Review by Choice Review
Rojas provides an introduction to computers and computer history that has been sorely missing from reference shelves. The work's 600 entries, many of which represent the first reference treatment of this topic, are intended to make entries accessible to readers while maintaining a consistent level of technical information. The set encompasses nearly every aspect of computers and their history, including: personal computing, computer languages and formats, mainframes, robotics, artificial intelligence, the Internet, major contributors to the field of study and industry, the "slang and lore of computer scientists and hackers," and much more. Each entry includes an essay with textual explanations and a clear system of cross-referencing. The authors include further reading sections at the end of each article, as well as extensive bibliographies at the conclusion of the second volume. Essential for undergraduate collections, academic and public libraries, and computer science researchers interested in learning more about the rich field and history of computer science. L. Lampert California State University--Northridge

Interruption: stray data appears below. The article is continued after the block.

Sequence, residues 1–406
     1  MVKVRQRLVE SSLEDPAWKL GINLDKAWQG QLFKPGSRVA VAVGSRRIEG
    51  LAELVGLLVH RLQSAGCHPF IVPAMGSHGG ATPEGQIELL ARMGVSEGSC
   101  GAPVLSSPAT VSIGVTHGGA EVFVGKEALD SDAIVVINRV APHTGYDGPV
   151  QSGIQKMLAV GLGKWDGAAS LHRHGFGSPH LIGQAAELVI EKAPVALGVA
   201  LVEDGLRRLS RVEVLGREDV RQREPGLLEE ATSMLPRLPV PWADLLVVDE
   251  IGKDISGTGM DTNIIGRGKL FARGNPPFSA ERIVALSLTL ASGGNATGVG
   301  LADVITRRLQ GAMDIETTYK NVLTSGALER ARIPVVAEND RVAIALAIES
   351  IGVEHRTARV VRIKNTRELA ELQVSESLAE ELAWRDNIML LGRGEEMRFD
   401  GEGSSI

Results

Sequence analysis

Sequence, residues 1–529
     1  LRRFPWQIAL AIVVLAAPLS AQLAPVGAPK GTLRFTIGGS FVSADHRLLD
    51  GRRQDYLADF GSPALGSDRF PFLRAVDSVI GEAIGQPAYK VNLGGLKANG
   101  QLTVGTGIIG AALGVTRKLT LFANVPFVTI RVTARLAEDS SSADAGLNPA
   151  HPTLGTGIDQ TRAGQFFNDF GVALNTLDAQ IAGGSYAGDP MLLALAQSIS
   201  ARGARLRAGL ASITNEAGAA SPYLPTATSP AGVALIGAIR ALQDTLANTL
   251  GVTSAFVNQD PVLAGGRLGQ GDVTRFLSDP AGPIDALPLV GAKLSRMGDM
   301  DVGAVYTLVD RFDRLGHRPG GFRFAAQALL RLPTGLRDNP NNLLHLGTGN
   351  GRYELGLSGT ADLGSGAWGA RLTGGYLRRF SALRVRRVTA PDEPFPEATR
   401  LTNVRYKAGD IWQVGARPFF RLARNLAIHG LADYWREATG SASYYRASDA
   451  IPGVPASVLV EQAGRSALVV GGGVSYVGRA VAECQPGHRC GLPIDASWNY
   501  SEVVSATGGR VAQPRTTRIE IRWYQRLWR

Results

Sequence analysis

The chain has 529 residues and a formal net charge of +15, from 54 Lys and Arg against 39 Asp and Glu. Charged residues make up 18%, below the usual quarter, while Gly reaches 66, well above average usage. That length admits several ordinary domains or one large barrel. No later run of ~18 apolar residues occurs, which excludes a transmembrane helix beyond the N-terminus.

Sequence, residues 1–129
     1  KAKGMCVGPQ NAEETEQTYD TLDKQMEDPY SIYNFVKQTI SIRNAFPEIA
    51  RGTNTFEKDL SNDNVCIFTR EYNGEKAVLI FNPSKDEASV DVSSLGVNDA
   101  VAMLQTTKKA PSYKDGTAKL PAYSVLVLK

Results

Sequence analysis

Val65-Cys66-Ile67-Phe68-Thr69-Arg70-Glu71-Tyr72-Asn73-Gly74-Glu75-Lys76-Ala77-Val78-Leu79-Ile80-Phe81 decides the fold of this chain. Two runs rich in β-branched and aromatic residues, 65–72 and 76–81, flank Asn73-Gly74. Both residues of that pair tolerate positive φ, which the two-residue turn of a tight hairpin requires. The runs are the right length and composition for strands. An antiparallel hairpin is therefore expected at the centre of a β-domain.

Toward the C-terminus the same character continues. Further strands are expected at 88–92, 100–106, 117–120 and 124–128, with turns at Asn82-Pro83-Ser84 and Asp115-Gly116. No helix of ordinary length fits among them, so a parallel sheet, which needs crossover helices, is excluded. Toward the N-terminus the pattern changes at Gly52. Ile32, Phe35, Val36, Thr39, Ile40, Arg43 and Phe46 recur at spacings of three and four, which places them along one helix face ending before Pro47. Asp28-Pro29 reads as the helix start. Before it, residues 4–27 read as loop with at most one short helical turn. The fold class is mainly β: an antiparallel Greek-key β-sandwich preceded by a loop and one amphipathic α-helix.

Copyright American Library Association, used with permission.
Review by Library Journal Review
Aimed at upper-level high school students, college undergraduates, and public library users, this two-volume set attempts to encompass, albeit quite broadly, "every aspect of computers and their history: from personal computing to mainframes to robotics and artificial intelligence; from the theoretical underpinnings of computers to the people and organizations that translate theory into reality." Contributed by a wide cross-section of scholars in the fields of computer science and history of science, the 600 entries range broadly over such topics as important companies, computing machines, software applications, networking concepts, computer research, and laboratories, as well as important individuals in the history of computing. Each entry is accompanied by a list of references for further reading, and a system of cross-referencing (in boldface text) leads readers to more information. The extensive bibliography at the end of Volume 2 suggests even more avenues for advanced study. This work successfully achieves its goal of presenting the history of computing in a highly readable text. Recommended for most libraries.DJoe Accardi, William Rainey Harper Coll. Lib., Palatine, IL (c) Copyright 2010. Library Journals LLC, a wholly owned subsidiary of Media Source, Inc. No redistribution permitted.
(c) Copyright 2010. Library Journals LLC, a wholly owned subsidiary of Media Source, Inc. No redistribution permitted.